The Invisible Man (1933)

5.3
/ 10
133 User Ratings
1h 11m
Running Time

November 3, 1933
Release Date

The Invisible Man (1933)

5.3
/ 10
133 User Ratings
1h 11m
Running Time

November 3, 1933
Release Date

External Links & Social Media
Network & Production Companies
Universal Pictures
Watch The Invisible Man Trailer

Plot.

Working in Dr. Cranley's laboratory, scientist Jack Griffin was always given the latitude to conduct some of his own experiments. His sudden departure, however, has Cranley's daughter Flora worried about him. Griffin has taken a room at the nearby Lion's Head Inn, hoping to reverse an experiment he conducted on himself that made him invisible. But the experimental drug has also warped his mind, making him aggressive and dangerous. He's prepared to do whatever it takes to restore his appearance.

Where to Watch.

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Currently The Invisible Man is available for streaming online, rent, buy or watch for free on: Apple TV, Google Play Movies, Microsoft Store, YouTube, IndieFlix, Vudu, Spectrum On Demand

Streaming in:
🇺🇸 United States

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Cast & Crew.

Details.

Release Date
November 3, 1933

Status
Released

Running Time
1h 11m

Content Rating
NR

Budget
$328,000

Genres

Last updated:

Wiki.

The Invisible Man is a 1933 American science fiction horror film directed by James Whale based on H. G. Wells' 1897 novel, The Invisible Man, produced by Universal Pictures, and starring Gloria Stuart, Claude Rains and William Harrigan. The film involves a Dr. Jack Griffin (Rains) who is covered in bandages and has his eyes obscured by dark glasses, the result of a secret experiment that makes him invisible, taking lodging in the village of Iping. Never leaving his quarters, the stranger demands that the staff leave him completely alone until his landlady and the villagers discover he is invisible. Griffin goes to the house of his colleague, Dr. Kemp (William Harrigan) and tells him of his plans to create a reign of terror. His fiancée Flora Cranley (Gloria Stuart), the daughter of his employer Dr. Cranley (Henry Travers), soon learn that Griffin's discovery has driven him insane, leading him to prove his superiority over other people by performing harmless pranks at first and eventually turning to murder.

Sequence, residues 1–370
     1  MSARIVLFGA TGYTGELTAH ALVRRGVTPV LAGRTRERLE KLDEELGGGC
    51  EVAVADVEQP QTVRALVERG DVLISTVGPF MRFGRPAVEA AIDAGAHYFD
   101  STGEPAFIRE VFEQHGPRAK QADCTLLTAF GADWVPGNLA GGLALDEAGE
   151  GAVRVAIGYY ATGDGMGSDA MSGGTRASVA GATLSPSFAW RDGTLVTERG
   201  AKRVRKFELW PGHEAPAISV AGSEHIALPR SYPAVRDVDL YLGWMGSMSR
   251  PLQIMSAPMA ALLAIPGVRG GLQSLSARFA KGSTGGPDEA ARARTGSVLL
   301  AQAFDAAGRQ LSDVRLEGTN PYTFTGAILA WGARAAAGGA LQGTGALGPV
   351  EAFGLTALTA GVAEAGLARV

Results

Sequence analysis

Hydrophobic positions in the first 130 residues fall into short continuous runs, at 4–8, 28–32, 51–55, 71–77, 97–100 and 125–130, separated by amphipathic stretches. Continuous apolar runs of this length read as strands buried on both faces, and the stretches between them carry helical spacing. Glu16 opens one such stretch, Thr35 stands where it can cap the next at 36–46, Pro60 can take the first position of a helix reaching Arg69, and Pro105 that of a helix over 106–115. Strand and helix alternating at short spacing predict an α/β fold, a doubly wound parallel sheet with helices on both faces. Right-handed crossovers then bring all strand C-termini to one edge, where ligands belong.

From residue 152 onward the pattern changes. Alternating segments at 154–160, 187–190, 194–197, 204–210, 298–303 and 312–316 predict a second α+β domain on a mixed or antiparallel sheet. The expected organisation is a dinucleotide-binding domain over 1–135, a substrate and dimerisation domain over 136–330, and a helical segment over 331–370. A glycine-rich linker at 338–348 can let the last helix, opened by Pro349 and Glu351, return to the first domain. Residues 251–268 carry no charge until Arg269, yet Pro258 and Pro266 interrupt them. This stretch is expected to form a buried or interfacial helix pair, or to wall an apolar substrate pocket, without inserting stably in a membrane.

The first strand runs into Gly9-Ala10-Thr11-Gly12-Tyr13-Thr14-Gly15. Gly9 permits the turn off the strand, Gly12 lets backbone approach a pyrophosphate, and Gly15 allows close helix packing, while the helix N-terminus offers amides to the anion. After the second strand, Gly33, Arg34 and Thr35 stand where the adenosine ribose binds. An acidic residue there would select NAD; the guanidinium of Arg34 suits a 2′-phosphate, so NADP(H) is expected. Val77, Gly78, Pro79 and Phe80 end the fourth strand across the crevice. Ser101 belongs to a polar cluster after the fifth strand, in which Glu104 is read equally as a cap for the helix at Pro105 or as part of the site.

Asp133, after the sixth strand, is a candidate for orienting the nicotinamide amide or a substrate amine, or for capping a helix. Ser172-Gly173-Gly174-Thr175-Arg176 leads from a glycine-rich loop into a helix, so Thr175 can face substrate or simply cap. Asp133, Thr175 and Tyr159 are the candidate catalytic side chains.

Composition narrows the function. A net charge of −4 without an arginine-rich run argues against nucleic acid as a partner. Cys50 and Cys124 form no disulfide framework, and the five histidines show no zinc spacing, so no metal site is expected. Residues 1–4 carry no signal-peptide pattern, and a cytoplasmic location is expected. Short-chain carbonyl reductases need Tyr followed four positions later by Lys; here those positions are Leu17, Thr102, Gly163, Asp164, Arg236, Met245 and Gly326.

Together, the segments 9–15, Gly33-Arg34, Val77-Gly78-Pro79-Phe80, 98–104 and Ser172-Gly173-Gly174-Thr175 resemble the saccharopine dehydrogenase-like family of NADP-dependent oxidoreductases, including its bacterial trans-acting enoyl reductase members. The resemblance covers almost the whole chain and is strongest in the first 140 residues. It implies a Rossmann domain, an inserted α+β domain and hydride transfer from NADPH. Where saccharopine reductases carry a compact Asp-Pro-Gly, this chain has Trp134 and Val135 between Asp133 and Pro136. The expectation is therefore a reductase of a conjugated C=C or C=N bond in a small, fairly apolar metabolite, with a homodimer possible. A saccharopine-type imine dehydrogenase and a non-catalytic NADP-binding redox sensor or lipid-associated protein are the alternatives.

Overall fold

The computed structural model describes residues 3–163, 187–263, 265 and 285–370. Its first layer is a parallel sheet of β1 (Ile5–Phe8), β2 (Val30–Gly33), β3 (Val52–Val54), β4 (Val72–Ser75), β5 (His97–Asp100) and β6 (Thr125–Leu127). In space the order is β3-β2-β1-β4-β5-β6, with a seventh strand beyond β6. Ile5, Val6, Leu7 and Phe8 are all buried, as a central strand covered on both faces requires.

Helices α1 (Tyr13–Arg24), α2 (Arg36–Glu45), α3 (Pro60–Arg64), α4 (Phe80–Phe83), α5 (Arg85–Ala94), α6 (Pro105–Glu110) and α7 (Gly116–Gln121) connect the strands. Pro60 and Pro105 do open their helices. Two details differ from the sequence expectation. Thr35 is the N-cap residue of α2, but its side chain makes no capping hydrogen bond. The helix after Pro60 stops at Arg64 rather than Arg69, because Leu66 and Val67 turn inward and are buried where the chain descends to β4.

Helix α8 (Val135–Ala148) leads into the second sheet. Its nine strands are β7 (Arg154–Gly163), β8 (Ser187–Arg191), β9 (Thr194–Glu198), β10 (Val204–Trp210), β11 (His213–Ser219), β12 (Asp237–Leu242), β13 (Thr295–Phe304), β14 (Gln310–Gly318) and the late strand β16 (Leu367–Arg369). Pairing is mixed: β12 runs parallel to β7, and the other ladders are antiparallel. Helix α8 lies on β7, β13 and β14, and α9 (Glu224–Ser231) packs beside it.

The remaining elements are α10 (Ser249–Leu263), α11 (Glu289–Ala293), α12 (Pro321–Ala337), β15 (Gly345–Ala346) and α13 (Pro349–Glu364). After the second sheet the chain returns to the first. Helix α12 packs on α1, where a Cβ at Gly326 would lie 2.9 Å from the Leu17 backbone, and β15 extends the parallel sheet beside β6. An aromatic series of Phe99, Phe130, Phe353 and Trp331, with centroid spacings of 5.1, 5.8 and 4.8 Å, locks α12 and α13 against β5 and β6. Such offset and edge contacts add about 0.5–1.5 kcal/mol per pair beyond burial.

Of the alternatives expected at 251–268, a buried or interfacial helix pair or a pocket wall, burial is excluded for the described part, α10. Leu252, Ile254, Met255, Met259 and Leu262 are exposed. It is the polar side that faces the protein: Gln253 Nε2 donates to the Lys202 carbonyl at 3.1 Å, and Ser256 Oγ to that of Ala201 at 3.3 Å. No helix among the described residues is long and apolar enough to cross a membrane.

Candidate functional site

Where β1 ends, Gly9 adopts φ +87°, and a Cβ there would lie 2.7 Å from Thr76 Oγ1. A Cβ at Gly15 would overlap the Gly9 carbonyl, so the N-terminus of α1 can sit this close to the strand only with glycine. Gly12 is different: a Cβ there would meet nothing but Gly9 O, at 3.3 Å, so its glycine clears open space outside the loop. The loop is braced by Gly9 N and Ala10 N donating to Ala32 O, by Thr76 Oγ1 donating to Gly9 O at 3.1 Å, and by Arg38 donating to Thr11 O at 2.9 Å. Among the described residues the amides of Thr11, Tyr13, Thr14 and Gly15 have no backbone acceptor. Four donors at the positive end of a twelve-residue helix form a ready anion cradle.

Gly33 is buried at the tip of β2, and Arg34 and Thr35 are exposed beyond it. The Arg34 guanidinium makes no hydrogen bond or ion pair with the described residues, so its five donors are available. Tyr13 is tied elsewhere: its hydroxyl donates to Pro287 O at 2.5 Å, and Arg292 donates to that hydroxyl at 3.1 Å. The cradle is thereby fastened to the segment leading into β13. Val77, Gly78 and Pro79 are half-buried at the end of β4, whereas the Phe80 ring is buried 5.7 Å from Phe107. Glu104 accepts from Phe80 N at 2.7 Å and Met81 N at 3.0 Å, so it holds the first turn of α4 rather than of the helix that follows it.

The Invisible Man was in development for Universal as early as 1931 when Richard L. Schayer and Robert Florey suggested that Wells' novel would make a good follow-up to the studio's horror film hit Dracula. Universal opted to make Frankenstein in 1931 instead. This led to several screenplay adaptations being written and a number of potential directors including Florey, E.A. Dupont, Cyril Gardner, and screenwriters John L. Balderston, Preston Sturges, and Garrett Fort all signing on to develop the project intending it to be a film for Boris Karloff. Following Whale's work on The Old Dark House starring Karloff and The Kiss Before the Mirror, Whale signed on and his screenwriting colleague R.C. Sherriff developed a script in London. Production began in June 1933 and ended in August with two months of special effects work done following the end of filming.

On the film's release in 1933, it was a great financial success for Universal and received strong reviews from several trade publications, including The New York Times, which placed it among their Best in Film for 1933. The film spawned several sequels that were relatively unrelated to the original film in the 1940s. The film continued to receive praise on re-evaluations by critics such as Carlos Clarens, Jack Sullivan, and Kim Newman, as well as being listed as one of their favorite genre films by filmmakers John Carpenter, Joe Dante, and Ray Harryhausen. In 2008, The Invisible Man was selected for the United States National Film Registry by the Library of Congress as being "culturally, historically, or aesthetically significant".

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